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Truckers in Maryland are opposing plans to raise the gas tax by 10 cents.
With oil prices soaring over political unrest in the Middle East, dozens of truck drivers descended on the Maryland State House to deliver a message that now is not the time for a gas tax increase.
About 40 trucks from the Maryland Motor Truck Association and Mid-Atlantic Petroleum Distributors Association drove up to the state house Tuesday morning to protest the bill.
The truck drivers argue raising the gas tax would actually hurt the state because truckers would avoid filling up in Maryland. They also said increasing the titling tax could drive trucking companies out of the state.
"Diesel fuel right now is knocking on $4 a gallon," said Mel Fair, fleet vice president for Beltway Trucking Company. "These trucks hold 300 gallons. A fillup for that truck is $1,200."
Maryland’s gas tax hasn’t been raised in almost 20 years, but it's currently higher than taxes on gas in Virginia, D.C. and Delaware, NBC Washington's Chris Gordon reported.
Lawmakers, however, are trying to raise between $400 million and $600 million more each year for transportation projects.
Some local leaders agree with the tax and testified at the House Ways and Means Committee hearing on transportation funding.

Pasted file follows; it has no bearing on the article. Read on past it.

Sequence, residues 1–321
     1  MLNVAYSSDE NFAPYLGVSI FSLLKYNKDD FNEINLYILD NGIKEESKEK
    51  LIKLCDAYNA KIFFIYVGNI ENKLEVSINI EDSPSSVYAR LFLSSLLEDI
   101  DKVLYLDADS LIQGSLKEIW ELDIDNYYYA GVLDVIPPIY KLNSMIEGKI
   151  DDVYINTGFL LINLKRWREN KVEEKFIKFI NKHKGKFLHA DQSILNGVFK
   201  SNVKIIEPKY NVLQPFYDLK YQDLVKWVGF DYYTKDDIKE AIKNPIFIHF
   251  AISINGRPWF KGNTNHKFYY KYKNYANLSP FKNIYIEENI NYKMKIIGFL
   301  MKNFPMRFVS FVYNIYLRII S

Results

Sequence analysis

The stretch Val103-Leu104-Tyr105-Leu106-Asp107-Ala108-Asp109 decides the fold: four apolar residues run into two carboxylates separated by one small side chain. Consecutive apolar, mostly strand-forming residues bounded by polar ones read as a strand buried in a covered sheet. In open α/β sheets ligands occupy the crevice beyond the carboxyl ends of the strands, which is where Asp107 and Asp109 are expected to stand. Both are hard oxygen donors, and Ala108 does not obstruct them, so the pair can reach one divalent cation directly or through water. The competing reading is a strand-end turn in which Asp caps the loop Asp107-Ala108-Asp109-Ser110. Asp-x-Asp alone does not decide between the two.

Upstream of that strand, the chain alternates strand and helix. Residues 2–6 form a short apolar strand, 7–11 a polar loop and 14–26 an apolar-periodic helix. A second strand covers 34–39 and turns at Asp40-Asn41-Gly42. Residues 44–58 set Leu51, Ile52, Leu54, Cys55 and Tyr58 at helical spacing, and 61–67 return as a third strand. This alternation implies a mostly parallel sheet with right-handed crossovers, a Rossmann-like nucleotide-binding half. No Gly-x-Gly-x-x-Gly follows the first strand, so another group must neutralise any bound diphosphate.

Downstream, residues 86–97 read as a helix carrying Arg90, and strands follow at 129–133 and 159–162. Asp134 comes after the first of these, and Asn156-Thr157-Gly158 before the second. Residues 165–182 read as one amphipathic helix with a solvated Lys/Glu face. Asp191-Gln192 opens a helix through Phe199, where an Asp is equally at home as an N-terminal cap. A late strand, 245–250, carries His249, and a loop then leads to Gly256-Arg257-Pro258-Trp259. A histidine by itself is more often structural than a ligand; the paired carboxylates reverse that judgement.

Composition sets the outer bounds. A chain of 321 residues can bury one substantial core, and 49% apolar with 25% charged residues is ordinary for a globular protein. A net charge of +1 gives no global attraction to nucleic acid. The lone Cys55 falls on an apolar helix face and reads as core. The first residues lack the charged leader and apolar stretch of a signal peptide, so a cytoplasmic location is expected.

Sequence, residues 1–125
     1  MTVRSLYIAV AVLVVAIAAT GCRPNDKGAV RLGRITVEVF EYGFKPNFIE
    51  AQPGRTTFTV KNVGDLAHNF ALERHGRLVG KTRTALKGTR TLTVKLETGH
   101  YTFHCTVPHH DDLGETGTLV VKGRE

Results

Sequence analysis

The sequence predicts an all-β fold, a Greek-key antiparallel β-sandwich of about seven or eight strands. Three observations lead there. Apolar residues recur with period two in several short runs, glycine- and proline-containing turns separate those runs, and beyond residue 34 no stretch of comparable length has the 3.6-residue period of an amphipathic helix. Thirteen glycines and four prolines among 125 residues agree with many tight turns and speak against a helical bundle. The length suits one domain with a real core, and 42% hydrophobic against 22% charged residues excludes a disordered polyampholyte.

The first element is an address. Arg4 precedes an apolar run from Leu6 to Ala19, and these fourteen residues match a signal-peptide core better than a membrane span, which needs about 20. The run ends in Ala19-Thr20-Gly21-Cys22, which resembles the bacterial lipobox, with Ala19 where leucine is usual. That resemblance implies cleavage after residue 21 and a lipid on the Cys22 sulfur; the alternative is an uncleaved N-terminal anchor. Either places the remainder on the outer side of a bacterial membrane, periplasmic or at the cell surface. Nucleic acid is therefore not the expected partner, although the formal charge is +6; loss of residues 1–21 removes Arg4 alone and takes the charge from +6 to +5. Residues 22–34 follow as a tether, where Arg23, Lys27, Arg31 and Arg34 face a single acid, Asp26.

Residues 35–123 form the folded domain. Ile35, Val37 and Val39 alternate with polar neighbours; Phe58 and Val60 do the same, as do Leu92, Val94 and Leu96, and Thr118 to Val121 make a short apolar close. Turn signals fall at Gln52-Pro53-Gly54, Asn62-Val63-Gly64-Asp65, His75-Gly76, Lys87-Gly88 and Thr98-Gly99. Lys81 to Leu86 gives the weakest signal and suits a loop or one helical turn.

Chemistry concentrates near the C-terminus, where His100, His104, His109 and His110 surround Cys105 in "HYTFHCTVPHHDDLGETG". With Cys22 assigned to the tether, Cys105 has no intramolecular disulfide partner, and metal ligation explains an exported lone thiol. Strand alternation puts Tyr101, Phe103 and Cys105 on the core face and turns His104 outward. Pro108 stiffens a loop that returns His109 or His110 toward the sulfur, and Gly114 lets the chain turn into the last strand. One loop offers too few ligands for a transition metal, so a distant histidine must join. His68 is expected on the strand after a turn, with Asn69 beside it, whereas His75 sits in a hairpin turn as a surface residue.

"Nobody wants to pay higher gas taxes, neither do I," Prince George's County Executive Rushern Baker told NBC Washington's Tracee Wilkins. "But in order for us to do the transportation projects we need in the county, in order for us to continue economic development, we need a source of revenue."
"When you look at roads in Montgomery County, roads in the Washington suburbs have some of the worst congestion in the entire country," Montgomery County Executive Isiah Leggett said.
Baker said he also is concerned about the extra expense on drivers and truckers.
"We certainly understand that, but in order to keep up our road construction and economic development up in Prince George's County, we are going to need this," he said.
"I believe in the end it will cause more unemployment," said Dee Hodges, president of Maryland's Taxpayers Association, which is against the increase. "It’s taking money out of the pockets of people already unemployed.”
Lawmakers are also trying to balance a $1.4 billion budget gap. In the past, they've borrowed money from transportation, but if this measure passes, it would include an amendment preventing them from doing that in the future.
AAA Maryland took out a full page newspaper ad saying it would support the tax increase, if the Legislature passes protections for the transportation trust fund.